[00:07:01] They're great for honey bees. And decking the halls exactly objecting the halls and in with Winterberry is actually definitely one of those plants. So it's deciduous. Holly drops all its leaves. And then it's got nothing but red berries all over it. When we can find it, it's always a great plant to decorate with.
[00:07:20] You've got to stick that just covered in red berries and nothing else to distract your view. So the winter berries are super plants in the wintertime. In the spring, I didn't say it's almost even an ugly plant or just a leafy green plant and then nondescript. But it surprises you in the fall.
[00:07:37] You'll see the berries in there. They're green and they're starting to turn red, but all of a sudden the foliage turns yellow and you can see red berries and then the following two drops. And you've just got a big display of berries on top of the standards, which is really pretty another perennial plant that I always love to plant is Aram, and Aaron's kind of a, it's a, it's an anomaly of a plant.
[00:08:01] . The foliage starts coming up. It's a perennial plant and the foliage starts coming up in the fall when everything else is dying back. So you'll have these deeply veined leaves almost like a hostile-looking plant. So you've got this, tropical leafy plant coming out of the ground in the fall when everything else is dying back.
[00:08:20] So it's a nice plant to add to a hostile, a hosta garden, or a shade guard. And then in the summertime, when all the other plants are coming up, its foliage is dying back and it'll bloom, and then it produces this Berry stock and the Berry stock stays on top of the plant on, on, on the stem, and just dries onto the stem.
[00:08:40] And then usually you'll end up with new plants coming up from those berries. But it's a super neat plant for the winter. And then the other annual plants there, aren't a lot of annual plants for the wintertime. Not, summertime's definitely winning when it comes Daniels, the main annual plant that you put out is our pansies or vials.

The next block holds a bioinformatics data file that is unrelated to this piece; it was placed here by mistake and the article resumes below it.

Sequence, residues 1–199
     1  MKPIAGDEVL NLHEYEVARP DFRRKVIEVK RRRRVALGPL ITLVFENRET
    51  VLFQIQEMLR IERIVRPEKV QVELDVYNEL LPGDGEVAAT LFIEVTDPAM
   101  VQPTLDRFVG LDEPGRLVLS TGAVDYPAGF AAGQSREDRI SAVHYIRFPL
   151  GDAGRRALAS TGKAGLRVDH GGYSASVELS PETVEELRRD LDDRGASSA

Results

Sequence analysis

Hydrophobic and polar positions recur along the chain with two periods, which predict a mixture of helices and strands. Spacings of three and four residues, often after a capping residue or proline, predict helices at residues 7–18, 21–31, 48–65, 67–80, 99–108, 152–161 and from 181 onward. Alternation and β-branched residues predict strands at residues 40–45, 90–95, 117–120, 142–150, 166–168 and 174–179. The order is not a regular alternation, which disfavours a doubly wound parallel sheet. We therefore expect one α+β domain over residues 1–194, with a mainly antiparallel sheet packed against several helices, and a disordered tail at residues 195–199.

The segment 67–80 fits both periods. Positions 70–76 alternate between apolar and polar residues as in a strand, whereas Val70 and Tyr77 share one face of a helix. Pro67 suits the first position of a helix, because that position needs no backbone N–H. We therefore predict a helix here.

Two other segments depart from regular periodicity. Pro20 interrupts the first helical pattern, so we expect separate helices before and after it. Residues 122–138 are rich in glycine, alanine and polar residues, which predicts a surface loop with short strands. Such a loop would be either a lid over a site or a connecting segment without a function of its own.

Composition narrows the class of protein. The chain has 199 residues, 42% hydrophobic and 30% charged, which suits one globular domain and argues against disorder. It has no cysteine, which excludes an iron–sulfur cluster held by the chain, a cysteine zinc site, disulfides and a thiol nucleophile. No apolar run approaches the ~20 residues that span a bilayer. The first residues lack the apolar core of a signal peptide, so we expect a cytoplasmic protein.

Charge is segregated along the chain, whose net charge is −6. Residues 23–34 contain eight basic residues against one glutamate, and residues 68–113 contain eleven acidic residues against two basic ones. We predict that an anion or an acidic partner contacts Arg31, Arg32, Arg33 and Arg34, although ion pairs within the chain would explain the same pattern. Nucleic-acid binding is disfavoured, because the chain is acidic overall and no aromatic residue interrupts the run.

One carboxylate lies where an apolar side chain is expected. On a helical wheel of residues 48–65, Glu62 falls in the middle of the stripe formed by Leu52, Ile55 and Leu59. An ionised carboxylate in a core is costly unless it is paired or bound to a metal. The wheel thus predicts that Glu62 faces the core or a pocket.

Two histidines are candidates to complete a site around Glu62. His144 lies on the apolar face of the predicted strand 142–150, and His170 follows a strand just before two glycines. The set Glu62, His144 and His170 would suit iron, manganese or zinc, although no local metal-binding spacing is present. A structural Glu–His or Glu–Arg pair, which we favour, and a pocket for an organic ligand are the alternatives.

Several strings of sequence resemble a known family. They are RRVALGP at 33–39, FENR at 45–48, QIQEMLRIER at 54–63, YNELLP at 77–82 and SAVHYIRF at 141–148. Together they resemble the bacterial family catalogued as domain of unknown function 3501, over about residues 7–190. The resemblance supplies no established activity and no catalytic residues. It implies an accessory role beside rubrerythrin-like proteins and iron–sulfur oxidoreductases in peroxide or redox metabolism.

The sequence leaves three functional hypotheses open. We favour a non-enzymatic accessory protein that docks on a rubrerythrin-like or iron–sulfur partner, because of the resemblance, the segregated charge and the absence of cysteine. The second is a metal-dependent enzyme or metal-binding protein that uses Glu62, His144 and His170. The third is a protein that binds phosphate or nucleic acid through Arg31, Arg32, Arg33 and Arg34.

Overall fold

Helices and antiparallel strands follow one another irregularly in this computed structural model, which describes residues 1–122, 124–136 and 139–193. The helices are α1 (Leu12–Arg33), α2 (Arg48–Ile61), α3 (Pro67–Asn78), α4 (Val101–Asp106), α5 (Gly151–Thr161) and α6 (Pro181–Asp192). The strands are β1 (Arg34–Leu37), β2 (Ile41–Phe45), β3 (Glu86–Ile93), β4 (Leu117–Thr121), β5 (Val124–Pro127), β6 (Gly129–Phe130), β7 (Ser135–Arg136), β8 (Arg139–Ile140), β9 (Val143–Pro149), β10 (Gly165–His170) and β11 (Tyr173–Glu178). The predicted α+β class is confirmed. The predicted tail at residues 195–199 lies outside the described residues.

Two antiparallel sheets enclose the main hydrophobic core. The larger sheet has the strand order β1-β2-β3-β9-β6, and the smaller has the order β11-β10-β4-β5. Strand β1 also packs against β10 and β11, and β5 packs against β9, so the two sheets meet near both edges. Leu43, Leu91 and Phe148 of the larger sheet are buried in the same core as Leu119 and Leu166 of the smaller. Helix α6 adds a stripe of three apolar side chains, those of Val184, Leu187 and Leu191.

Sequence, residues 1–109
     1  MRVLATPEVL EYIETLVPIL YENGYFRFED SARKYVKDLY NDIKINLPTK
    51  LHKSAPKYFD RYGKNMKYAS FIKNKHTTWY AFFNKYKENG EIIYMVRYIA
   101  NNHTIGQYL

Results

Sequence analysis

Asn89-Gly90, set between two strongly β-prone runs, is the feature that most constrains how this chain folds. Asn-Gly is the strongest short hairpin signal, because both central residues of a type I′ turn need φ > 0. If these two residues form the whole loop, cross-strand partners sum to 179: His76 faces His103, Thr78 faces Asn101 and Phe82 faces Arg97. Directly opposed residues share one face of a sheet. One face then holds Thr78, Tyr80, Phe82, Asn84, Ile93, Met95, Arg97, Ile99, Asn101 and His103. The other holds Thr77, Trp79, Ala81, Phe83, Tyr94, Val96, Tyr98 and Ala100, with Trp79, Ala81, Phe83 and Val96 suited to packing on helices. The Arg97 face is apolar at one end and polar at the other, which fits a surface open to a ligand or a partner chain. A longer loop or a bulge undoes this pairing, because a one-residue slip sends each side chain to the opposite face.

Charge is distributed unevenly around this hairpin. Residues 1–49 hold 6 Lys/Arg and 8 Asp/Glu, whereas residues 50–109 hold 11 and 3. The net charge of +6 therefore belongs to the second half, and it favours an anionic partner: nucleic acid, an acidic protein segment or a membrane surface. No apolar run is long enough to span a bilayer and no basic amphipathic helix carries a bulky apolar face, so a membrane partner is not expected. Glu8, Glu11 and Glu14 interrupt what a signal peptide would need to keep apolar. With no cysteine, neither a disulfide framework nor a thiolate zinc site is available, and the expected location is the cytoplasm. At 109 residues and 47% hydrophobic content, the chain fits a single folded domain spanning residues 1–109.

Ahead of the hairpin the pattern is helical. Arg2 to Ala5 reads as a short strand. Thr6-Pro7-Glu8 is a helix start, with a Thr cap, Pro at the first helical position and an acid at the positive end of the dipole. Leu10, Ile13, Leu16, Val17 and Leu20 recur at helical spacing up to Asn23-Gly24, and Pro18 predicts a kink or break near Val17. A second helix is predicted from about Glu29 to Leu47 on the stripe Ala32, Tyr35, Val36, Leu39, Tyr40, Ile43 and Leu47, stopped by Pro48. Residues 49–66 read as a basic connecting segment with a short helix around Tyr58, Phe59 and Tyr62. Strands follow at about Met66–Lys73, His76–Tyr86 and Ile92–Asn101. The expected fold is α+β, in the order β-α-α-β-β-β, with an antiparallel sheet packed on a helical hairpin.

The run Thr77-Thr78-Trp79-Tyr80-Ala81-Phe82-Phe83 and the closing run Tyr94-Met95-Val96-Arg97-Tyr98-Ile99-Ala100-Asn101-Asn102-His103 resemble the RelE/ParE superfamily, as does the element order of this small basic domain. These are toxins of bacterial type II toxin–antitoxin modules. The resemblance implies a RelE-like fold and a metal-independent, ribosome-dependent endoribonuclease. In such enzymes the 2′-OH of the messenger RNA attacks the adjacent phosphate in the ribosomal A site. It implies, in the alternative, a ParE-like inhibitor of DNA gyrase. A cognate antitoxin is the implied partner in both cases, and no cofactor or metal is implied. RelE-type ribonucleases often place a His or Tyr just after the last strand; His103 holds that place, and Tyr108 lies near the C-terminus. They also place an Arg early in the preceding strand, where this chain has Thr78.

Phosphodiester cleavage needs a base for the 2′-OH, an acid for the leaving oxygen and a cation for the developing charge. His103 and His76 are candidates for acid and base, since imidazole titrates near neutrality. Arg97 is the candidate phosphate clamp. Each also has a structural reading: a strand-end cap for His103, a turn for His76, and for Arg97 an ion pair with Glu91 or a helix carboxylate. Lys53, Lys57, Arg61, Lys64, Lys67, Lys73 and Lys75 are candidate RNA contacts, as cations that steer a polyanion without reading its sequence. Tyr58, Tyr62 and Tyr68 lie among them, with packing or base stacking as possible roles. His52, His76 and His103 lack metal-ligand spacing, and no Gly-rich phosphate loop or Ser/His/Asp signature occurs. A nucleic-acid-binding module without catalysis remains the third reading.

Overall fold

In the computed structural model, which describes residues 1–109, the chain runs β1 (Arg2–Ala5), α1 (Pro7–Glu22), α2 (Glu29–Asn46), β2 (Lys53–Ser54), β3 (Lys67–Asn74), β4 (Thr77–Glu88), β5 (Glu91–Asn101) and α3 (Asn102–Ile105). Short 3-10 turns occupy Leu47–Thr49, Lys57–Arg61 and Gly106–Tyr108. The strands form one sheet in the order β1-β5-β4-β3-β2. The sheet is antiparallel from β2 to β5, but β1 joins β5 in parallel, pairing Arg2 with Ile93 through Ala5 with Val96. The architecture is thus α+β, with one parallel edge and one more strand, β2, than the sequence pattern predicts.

[00:08:59] And pansies have always had a name of being, the week or the not so strong, but pansies hold up better than anything. They're super easy in the wintertime. They can take the cold, they can handle a fair amount of dry. Viola's or even better than that, a little bit smaller flower.
[00:09:16] But they'll give you a ton of color. Looking at the landscape, coming up with where you've got holes and evergreen plants and counter first, and then for any meals in front of those where you've got some holes from losing your summer perennials, and then finishing off when, and when I plant pansy beds, I usually try to plan.
[00:09:35] I'll pop up one plan in here or there occasionally. But I usually try to plant decent-sized beds for them. They're inexpensive to go in. They make a serious difference in the winter landscape and they give you a focal point. Gardens are never going to look pristine in the wintertime.
[00:09:51] You always feel like you're missing something leaves are gone or plants are dormant. It's not quite as exciting as the spring of. So it kinda distracts your view. It gives you a focal point of nothing but the color and they'll and if you keep them fertilized and keep them watered they will carry your garden through the winter.